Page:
Whirlwind campaign in New Hampshire
The Stassen campaign would test this new strategy in the country’s first primary, then as now, in New Hampshire, a state where Stassen’s chief competitor, New York’s Thomas Dewey, was better known. Using a campaign model that would become standard practice at a later time, Stassen began a whirlwind effort to visit every town and hamlet in the state, so he could shake as many hands as possible. But, in the end, Stassen could not overcome Dewey’s name recognition in New Hampshire and the support the New Yorker had built up among party leaders. In the March primary, Stassen was able to win only two of New Hampshire’s eight delegate slots, with the remaining six slots going to Dewey.
But, like later presidential contenders who suffered early defeats in New Hampshire, Stassen bounced back and prepared to contest vigorously for votes in the upcoming Wisconsin and Nebraska primaries. Both states’ election contests would represent high points in the former Minnesota governor’s quest for the nomination. In Wisconsin, he would run far ahead of the political pack in the April 6 primary, winning 19 of that state’s delegates, with former Army Gen. Douglas MacArthur coming in second with eight delegates, and Dewey shut out entirely, winning no delegates at all.
In the Nebraska primary, where potential presidential candidates were listed on the ballot, whether or not they wanted to be there, Stassen ran first again, winning 43 percent of the vote, with Dewey coming in second with 35 percent and Taft running third with 11 percent.
By now, political pundits across the country were beginning to take note of Stassen’s unconventional approach. In April 1948, the Arkansas Gazette would write that: “Harold Stassen has already earned a place in American political history. It is even possible that he has brought into being a new type of political campaigning, as precedent-setting in its way as William Henry Harrison’s portable log cabin.”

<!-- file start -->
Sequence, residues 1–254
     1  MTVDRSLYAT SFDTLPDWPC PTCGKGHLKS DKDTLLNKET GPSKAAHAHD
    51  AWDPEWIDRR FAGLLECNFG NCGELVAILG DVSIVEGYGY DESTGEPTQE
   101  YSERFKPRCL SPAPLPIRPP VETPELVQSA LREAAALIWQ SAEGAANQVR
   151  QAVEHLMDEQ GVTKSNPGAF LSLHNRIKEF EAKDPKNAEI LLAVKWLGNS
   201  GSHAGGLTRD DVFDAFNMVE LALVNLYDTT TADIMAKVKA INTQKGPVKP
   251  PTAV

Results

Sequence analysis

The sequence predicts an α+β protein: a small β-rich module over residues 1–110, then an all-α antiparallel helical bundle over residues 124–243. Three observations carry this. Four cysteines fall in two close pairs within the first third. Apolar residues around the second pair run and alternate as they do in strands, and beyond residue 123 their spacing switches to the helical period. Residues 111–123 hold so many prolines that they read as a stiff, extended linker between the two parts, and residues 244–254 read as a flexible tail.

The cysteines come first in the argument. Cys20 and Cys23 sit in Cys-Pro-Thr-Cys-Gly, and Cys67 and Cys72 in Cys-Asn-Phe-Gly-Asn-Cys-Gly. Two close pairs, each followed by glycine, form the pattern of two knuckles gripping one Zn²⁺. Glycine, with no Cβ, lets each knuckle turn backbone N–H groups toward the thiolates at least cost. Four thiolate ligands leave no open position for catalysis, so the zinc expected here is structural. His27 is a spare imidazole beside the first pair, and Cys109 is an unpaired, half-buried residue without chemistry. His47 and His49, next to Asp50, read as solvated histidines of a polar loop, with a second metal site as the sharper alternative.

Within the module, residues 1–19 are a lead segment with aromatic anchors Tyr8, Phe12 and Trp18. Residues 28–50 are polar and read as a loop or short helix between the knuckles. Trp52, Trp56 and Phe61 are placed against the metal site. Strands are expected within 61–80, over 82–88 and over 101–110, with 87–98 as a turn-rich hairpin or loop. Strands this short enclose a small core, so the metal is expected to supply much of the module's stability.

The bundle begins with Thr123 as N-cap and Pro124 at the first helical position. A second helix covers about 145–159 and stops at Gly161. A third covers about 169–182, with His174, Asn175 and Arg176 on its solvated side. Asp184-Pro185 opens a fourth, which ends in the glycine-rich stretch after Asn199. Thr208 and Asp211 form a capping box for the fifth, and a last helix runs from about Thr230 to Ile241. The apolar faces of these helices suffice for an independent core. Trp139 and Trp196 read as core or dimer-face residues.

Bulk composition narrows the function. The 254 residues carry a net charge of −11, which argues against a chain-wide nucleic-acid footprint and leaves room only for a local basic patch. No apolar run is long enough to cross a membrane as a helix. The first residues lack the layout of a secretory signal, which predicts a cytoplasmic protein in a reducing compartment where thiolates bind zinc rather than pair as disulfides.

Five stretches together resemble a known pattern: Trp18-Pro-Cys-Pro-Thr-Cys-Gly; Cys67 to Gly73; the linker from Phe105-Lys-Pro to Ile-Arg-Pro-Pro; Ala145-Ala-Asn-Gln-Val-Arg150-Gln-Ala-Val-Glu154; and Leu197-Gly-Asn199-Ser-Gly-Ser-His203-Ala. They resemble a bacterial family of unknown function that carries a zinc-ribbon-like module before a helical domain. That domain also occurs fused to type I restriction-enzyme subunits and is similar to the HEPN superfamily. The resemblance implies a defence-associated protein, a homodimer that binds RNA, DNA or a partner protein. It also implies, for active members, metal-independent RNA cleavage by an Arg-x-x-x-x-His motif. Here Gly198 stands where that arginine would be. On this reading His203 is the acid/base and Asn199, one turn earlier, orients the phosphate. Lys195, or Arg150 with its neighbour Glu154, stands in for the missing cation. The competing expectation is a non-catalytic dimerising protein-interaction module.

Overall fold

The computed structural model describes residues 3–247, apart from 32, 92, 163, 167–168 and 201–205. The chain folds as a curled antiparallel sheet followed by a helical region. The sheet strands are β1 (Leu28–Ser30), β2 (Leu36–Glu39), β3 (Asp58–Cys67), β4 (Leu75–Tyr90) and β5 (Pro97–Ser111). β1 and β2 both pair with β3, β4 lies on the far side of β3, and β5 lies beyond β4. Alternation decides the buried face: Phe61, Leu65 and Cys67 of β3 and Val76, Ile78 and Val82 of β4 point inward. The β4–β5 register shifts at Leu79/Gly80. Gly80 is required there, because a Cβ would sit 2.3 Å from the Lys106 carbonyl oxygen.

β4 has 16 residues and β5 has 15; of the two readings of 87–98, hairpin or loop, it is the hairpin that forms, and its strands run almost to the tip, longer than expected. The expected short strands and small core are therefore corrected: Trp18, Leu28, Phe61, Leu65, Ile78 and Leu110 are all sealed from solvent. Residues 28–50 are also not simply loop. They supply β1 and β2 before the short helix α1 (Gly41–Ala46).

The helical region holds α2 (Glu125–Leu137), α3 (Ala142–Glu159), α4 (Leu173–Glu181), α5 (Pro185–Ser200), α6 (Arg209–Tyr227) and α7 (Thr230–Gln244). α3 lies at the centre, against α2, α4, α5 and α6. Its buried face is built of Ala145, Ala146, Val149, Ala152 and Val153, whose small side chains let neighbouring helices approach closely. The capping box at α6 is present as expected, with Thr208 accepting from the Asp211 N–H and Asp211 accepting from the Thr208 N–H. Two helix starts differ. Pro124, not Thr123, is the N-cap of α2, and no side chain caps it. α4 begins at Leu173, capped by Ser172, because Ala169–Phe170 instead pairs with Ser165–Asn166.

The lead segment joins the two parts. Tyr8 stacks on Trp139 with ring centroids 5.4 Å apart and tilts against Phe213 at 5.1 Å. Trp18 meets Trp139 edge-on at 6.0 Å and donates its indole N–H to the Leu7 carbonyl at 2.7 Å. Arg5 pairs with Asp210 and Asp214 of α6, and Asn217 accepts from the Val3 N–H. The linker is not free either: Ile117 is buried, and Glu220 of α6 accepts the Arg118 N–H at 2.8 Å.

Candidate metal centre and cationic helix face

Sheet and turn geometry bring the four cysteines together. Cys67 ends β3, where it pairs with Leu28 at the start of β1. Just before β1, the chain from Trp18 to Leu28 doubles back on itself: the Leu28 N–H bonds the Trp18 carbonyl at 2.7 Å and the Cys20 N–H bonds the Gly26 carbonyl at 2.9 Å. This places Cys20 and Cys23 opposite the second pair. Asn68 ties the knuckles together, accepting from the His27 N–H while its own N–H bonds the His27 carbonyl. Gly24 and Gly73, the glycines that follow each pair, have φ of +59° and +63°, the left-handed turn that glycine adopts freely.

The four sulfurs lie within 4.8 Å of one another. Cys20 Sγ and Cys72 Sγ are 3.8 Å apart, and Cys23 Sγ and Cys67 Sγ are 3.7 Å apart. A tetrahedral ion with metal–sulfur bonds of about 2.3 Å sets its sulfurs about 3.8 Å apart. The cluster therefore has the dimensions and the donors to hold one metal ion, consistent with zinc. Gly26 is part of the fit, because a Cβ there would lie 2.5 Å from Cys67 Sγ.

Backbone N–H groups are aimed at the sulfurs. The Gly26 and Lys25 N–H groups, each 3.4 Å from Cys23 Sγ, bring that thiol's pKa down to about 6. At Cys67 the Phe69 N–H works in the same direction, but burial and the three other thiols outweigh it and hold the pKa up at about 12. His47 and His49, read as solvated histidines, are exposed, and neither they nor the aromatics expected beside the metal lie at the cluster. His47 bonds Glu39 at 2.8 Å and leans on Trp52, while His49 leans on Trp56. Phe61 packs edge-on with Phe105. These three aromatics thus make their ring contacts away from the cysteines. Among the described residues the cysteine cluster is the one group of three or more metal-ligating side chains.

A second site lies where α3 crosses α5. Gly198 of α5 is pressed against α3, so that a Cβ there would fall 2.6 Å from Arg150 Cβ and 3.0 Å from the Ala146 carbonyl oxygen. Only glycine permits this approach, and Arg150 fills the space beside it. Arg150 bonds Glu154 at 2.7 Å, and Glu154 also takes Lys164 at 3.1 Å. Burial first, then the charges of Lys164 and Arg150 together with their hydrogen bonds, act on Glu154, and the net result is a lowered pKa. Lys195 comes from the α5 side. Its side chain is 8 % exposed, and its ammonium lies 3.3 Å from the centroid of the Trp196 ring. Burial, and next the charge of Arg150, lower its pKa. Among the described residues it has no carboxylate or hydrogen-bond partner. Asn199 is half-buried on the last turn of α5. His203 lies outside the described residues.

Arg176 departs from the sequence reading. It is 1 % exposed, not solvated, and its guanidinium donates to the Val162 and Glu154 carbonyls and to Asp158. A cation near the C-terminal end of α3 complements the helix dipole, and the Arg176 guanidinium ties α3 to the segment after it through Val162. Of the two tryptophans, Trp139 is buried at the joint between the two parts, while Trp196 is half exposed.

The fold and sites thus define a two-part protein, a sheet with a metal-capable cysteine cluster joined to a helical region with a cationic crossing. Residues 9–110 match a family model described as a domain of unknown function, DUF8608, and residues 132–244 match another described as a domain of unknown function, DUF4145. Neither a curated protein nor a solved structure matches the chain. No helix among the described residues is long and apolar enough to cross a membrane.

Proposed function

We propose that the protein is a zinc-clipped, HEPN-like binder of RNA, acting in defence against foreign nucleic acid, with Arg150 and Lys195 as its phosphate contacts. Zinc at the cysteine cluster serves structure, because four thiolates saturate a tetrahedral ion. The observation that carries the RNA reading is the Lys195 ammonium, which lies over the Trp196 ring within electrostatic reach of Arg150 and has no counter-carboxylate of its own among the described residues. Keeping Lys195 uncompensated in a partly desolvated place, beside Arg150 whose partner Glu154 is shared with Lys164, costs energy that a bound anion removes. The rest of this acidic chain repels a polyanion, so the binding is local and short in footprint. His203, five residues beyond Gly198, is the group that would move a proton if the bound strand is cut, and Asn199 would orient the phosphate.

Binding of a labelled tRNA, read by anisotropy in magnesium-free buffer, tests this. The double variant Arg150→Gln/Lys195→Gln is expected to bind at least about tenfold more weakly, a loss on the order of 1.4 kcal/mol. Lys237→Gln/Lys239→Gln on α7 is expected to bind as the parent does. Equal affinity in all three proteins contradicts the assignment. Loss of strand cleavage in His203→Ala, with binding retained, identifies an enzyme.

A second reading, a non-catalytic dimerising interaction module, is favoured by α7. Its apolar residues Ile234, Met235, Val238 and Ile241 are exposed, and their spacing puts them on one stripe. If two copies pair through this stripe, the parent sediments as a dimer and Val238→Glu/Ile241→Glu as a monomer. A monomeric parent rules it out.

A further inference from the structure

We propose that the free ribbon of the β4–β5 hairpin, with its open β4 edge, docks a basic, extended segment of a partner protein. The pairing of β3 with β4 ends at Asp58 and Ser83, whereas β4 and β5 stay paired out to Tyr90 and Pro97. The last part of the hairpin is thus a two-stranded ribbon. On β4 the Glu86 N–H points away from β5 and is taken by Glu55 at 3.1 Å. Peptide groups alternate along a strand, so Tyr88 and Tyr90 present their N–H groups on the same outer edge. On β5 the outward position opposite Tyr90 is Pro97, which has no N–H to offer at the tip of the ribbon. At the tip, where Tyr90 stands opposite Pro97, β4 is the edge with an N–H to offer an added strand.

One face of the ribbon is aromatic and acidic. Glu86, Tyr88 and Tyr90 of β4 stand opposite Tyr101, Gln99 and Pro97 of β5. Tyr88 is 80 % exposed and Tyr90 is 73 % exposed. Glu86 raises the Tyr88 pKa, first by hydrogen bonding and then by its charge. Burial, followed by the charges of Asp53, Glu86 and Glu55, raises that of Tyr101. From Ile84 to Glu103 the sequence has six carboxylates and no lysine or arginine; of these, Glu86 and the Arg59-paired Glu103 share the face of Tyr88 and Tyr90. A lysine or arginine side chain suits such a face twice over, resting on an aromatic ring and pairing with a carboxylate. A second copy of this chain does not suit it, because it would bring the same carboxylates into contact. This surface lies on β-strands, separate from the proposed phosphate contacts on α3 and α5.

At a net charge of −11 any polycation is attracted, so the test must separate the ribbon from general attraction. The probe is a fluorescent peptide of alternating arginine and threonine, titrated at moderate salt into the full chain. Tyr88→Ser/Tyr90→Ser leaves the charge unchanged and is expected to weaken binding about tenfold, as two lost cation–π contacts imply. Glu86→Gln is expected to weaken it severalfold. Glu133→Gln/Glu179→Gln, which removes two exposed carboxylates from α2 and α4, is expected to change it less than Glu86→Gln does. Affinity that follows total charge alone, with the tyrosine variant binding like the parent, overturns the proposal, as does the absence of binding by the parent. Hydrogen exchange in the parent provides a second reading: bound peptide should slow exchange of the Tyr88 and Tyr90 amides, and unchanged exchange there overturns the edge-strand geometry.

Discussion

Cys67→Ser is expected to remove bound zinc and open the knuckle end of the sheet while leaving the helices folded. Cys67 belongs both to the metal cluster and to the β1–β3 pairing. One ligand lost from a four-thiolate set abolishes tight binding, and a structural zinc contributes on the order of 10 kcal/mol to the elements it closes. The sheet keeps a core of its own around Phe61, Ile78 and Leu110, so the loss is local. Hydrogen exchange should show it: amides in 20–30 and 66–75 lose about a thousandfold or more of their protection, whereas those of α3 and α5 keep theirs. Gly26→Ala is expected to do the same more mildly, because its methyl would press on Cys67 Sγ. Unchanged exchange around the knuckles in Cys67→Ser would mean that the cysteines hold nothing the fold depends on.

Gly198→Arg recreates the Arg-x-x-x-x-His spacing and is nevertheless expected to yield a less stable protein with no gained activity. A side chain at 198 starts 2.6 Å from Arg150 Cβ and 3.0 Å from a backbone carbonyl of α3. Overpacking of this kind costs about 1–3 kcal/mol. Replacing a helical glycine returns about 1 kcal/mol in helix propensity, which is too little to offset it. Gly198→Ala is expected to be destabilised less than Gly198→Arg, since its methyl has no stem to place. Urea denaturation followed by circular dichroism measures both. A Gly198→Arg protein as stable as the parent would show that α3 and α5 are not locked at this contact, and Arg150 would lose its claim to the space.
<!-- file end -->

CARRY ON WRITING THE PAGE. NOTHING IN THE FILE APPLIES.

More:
Named a trend-setter
Newsweek echoed those views, noting that “political experts interested in long-term trends say Stassen’s success at the polls may have revolutionized long-established methods for seeking the presidential nomination. … In the future … candidates will frankly announce their attentions well in advance of election year and work openly for delegates at the convention.”
Then came Oregon, where Stassen stumbled after a poor showing in a radio debate with Dewey, his main competitor. The Minnesotan ran a close second to Dewey in that state’s May 21 primary, wining 104,000 votes to Dewey’s 113,000. But, in Oregon’s winner-take-all system, Dewey swept up all the delegates.
Despite his defeats in 1948, Stassen made a credible showing in the states with contested primaries, winning over 800,000 votes, more than any other candidate that year. But the time had not yet come when winning primaries determined the outcome of the battles for the presidential nomination. That would not occur until later election cycles.
Hint of a possible VP nod
At the 1948 National Convention in Philadelphia, Stassen, with 157 votes, ran third in the first ballot delegate count, behind Robert Taft, in second place with 224 votes. Thomas Dewey, who led with 434 votes, would win the Republican nomination that year on the third ballot. There are some indications that Dewey might have offered the vice presidential slot to Stassen if Dewey’s first choice, Earl Warren, had declined to run with the New York governor.
But Warren did agree to run. In November, the Dewey-Warren ticket would go down to defeat at the hands of incumbent Democratic president, Harry Truman and his running mate, Alben Barkley.
After his defeat for the presidential nomination in 1948, Stassen would go on to serve as president of the University of Pennsylvania and later hold high ranking jobs in the Eisenhower administration. Eventually, he would return to Minnesota and begin a series of futile and quixotic quests for the presidency that would greatly tarnish his reputation and his political legacy.
But, in 1948, he staked out a new political path that his successor, Tim Pawlenty, will need to follow if Pawlenty is to win the ultimate political prize that eluded Stassen so often during that earlier era.